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10 Festive Facts About Santa Claus Conquers the Martians

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An abducted St. Nick spreads holiday cheer all over the Red Planet in this weird sci-fi comedy from 1964. Here’s an earthling’s guide to Santa Claus Conquers the Martians.

1. IT HAS AN ODD CONNECTION TO CHARLES LINDBERGH.

Everything started out innocently enough. Santa Claus Conquers the Martians was the brainchild of producer Paul L. Jacobson. Incidentally, this was the first—and only—movie that he ever produced. In the 1950s, Jacobson had worked as a unit manager on NBC’s iconic puppet show Howdy Doody. This experience gave him an insider’s look at the children’s entertainment industry. Confident that he could make a hit kiddie film, Jacobson started developing what he referred to as an original “Yuletide science fiction fantasy.”

Once he raised $200,000, production on the movie began in earnest. Shooting took place at Michael Myerberg Studios on Long Island—an abandoned aircraft hangar that had been repurposed as a film studio in 1964. Thirty-seven years earlier, Charles Lindbergh stored The Spirit of St. Louis here on the night before his epic, transatlantic flight.

2. IT WAS THE FILM DEBUT OF PIA ZADORA.

Long before making it big as a professional singer, Pia Zadora entered the world of film in Santa Claus Conquers the Martians. Here, her character is Girmar, a typical red planet girl who likes watching “Earth programs” with her brother on the family television set. This was just the beginning of Zadora’s cult movie career, as she’d also turn up in John Waters's Hairspray (1988) and Naked Gun 33⅓ (1994). In 1982, she starred in Butterfly, an R-rated incest drama. Though critics trashed the flick, Zadora’s performance did win her a Golden Globe—albeit, an extremely controversial one.

3. THE ALIEN STUN GUNS WERE NAME BRAND TOYS.

Halfway through the movie, a troop of unitard-wearing spacemen break into Santa’s workshop. Once there, the invaders freeze some innocent elves (and poor Mrs. Claus) in their tracks with special guns. Any kid growing up in the 1960s would have easily recognized these weapons as plastic “ray guns” that Marx Toy Co. mass produced throughout the decade.

4. A TONIGHT SHOW BAND LEADER WROTE THE CATCHY THEME SONG.

It’s tough to get the very catchy “Hooray for Santy Claus!” out of your head within four hours of watching this movie. A joyous, jazzy number, it was penned by the late composer Milton Delugg. In 1963, NBC hired him as the music director for their annual telecasts of the Macy’s Thanksgiving Day Parade. Delugg would retain this high-profile gig until he stepped down in 2013. On the same network, Delugg led The Tonight Show orchestra for a year and a half during Johnny Carson’s early tenure. The musician passed away in his Los Angeles home last year at the age of 96.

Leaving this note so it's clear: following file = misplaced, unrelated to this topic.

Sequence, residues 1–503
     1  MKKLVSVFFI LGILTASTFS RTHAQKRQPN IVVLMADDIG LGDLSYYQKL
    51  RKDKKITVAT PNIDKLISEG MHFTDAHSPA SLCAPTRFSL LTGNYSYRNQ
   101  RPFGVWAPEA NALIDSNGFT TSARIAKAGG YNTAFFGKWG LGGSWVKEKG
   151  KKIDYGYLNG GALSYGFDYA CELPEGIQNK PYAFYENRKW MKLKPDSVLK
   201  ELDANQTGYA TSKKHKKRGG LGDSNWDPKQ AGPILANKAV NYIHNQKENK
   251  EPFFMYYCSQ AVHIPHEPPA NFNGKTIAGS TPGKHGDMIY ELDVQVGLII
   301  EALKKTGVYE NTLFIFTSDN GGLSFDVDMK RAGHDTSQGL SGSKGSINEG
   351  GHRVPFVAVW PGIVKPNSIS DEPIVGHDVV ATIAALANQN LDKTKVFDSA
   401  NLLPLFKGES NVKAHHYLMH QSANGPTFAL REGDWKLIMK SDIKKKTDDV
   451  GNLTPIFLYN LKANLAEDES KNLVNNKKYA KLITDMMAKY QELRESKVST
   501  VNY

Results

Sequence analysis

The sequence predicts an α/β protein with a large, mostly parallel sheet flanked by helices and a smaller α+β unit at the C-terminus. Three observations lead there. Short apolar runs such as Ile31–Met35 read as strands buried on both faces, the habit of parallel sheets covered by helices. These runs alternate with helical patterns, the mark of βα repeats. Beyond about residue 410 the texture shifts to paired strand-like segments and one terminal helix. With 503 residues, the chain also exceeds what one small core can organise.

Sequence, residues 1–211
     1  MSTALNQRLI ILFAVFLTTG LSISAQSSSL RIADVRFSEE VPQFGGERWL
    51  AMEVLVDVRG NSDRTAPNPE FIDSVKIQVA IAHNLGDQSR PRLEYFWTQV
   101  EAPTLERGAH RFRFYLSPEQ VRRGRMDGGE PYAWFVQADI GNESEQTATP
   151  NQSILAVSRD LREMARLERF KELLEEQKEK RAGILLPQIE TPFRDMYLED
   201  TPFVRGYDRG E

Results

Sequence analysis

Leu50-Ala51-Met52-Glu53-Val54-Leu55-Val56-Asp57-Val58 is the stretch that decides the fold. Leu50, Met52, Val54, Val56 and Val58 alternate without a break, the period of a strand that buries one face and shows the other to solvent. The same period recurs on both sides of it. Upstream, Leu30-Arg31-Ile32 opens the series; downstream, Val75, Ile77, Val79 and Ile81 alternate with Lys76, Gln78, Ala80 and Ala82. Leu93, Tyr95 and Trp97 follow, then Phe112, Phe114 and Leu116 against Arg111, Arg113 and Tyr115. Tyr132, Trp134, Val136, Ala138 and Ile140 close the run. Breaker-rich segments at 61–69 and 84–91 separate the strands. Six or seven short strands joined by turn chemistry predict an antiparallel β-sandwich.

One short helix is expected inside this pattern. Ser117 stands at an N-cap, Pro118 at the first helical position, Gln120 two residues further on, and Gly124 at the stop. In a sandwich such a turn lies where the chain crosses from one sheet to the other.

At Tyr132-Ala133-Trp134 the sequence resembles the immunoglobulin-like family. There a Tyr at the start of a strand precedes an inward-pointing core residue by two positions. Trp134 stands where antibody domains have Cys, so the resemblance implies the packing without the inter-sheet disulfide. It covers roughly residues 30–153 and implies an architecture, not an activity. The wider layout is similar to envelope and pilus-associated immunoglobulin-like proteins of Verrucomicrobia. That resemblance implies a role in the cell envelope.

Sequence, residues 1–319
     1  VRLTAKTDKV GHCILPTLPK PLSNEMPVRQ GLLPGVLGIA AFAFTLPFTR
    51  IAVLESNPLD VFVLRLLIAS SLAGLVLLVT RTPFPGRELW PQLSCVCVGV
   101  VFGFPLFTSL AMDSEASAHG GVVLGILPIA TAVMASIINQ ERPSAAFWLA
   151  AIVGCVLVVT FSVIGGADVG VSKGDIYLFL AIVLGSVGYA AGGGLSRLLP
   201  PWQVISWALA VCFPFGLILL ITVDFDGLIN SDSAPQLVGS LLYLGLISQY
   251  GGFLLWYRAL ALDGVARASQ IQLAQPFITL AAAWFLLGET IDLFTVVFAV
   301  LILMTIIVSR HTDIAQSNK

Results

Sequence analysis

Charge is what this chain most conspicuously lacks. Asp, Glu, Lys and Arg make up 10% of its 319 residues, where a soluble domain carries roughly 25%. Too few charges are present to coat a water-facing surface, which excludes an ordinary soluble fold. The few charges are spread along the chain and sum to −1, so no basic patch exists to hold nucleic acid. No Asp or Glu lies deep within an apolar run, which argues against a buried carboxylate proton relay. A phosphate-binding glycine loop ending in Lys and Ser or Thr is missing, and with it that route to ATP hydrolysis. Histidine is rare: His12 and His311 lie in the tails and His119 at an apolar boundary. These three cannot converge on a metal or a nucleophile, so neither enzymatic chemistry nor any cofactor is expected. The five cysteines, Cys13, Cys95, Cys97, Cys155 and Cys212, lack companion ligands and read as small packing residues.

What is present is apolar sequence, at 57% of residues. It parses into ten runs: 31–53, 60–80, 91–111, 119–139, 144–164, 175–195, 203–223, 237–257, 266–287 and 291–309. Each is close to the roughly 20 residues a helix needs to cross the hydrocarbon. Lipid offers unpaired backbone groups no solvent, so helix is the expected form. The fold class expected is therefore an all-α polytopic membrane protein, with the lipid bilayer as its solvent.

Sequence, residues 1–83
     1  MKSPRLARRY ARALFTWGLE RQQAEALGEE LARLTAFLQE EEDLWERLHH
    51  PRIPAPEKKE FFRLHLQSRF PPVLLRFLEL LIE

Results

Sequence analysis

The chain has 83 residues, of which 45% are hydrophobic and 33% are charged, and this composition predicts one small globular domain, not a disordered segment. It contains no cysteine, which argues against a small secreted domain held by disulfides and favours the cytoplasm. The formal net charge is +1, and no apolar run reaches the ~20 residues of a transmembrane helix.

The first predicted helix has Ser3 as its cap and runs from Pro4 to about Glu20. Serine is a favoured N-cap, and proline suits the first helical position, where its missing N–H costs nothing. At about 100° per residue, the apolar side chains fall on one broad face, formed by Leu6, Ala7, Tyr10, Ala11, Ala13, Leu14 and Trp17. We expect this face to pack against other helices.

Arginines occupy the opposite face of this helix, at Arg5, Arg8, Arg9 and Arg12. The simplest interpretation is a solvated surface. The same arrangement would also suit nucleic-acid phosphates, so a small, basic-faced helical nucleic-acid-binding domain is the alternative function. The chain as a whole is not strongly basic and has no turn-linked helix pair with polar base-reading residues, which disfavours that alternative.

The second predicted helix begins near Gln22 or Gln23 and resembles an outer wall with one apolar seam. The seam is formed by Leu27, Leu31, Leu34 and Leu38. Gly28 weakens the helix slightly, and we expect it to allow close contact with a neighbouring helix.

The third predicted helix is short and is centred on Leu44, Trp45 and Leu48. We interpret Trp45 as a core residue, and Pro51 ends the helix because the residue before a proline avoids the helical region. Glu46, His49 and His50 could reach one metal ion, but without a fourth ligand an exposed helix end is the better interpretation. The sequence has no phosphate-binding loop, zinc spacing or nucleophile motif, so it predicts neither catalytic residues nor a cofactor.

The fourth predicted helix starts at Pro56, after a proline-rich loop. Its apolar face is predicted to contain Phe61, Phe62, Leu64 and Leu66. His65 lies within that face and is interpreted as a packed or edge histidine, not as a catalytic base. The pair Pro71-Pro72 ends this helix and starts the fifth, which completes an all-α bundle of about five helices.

5. SANTA WAS PLUCKED FROM A HIT BROADWAY MUSICAL.

During the original 1963 to 1964 run of Oliver!, John Call played the eccentric Dr. Grimwig. Born in 1908, he enjoyed a long career on "The Great White Way," joining such productions as Bloomer Girl (1944-1947) and Pickwick (1965). Immediately after leaving Oliver!, Call took on the role that he’s best remembered for today—namely, Kris Kringle in Santa Claus Conquers the Martians.

By the way, he isn’t the only Broadway veteran in the cast of this sci-fi comedy. Earth kids Betty and Billy are portrayed by Donna Conforti and Victor Stiles, respectively. Both might’ve looked a little familiar to theatergoers at the time: Stiles had previously acted in Oliver! as a pickpocket, while Conforti was a bit player in 1963’s Here’s Love—a musical adaptation of Miracle on 34th Street (1947).

6. THAT GUY IN THE POLAR BEAR SUIT LATER APPEARED IN ALL THE PRESIDENT’S MEN.

“We weren’t about to get a real bear!” director Nicholas Webster said in retrospect. En route to warning Santa about the Martians, Billy and Betty encounter a huge polar bear, who briefly corners them. You needn’t be a genius to deduce that the beast is really a man in a cheap costume. Watch this clip closely and you may also notice that the person inside is crawling around on his knees—hardly ursine behavior. Anyway, the Arctic predator was played by stage actor Gene Lindsey. Years later, Lindsey joined the cast of All the President’s Men as Alfred D. Baldwin, a participant in the Watergate Scandal.

7. IT WAS THE FIRST MOTION PICTURE TO EVER DEPICT MRS. CLAUS.

The Mrs. Claus character has been around for a while: James Rees’s 1849 story A Christmas Legend features the earliest known reference to St. Nick’s wife. Mrs. Claus would go on to become a household name after the poem Goody Santa on a Sleigh Ride came along in 1889. But despite this newfound publicity, her husband beat her to the silver screen by more than six decades. Old Kris Kringle has been starring in films and shorts since the late 1890s, whereas the missus wouldn’t make her cinematic debut until Doris Rich played her in Santa Claus Conquers the Martians.

8. IT SHARES A BIT OF FOOTAGE WITH DR. STRANGELOVE.

As the opening credits roll in Stanley Kubrick’s biting cold war comedy, we’re treated to some military stock footage of a plane refueling in midair. Santa Claus Conquers the Martians incorporates this exact same snippet at the 24:40 mark.

9. THERE’S A SPELLING ERROR IN THE OPENING CREDITS.